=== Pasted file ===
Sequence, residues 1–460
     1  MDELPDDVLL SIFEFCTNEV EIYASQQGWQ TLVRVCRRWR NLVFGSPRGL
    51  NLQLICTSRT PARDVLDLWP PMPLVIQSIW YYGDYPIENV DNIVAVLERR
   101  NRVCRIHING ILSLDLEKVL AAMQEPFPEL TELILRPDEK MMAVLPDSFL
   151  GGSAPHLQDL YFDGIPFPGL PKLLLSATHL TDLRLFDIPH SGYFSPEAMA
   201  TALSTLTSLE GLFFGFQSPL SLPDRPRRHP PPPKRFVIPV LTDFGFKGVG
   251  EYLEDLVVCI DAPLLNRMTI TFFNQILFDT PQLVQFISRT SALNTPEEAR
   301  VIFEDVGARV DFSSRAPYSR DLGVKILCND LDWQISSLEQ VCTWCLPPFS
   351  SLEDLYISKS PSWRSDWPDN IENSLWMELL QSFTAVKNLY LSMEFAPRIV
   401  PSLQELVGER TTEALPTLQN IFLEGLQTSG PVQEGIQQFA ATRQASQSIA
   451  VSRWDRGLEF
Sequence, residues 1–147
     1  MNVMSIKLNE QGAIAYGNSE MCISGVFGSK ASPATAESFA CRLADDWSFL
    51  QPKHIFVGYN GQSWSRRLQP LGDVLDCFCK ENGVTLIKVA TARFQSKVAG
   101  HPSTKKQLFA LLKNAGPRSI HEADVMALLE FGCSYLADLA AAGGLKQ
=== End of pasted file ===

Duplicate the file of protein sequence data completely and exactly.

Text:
Sequence, residues 1–460
     1  MDELPDDVLL SIFEFCTNEV EIYASQQGWQ TLVRVCRRWR NLVFGSPRGL
    51  NLQLICTSRT PARDVLDLWP PMPLVIQSIW YYGDYPIENV DNIVAVLERR
   101  NRVCRIHING ILSLDLEKVL AAMQEPFPEL TELILRPDEK MMAVLPDSFL
   151  GGSAPHLQDL YFDGIPFPGL PKLLLSATHL TDLRLFDIPH SGYFSPEAMA
   201  TALSTLTSLE GLFFGFQSPL SLPDRPRRHP PPPKRFVIPV LTDFGFKGVG
   251  EYLEDLVVCI DAPLLNRMTI TFFNQILFDT PQLVQFISRT SALNTPEEAR
   301  VIFEDVGARV DFSSRAPYSR DLGVKILCND LDWQISSLEQ VCTWCLPPFS
   351  SLEDLYISKS PSWRSDWPDN IENSLWMELL QSFTAVKNLY LSMEFAPRIV
   401  PSLQELVGER TTEALPTLQN IFLEGLQTSG PVQEGIQQFA ATRQASQSIA
   451  VSRWDRGLEF
Sequence, residues 1–147
     1  MNVMSIKLNE QGAIAYGNSE MCISGVFGSK ASPATAESFA CRLADDWSFL
    51  QPKHIFVGYN GQSWSRRLQP LGDVLDCFCK ENGVTLIKVA TARFQSKVAG
   101  HPSTKKQLFA LLKNAGPRSI HEADVMALLE FGCSYLADLA AAGGLKQ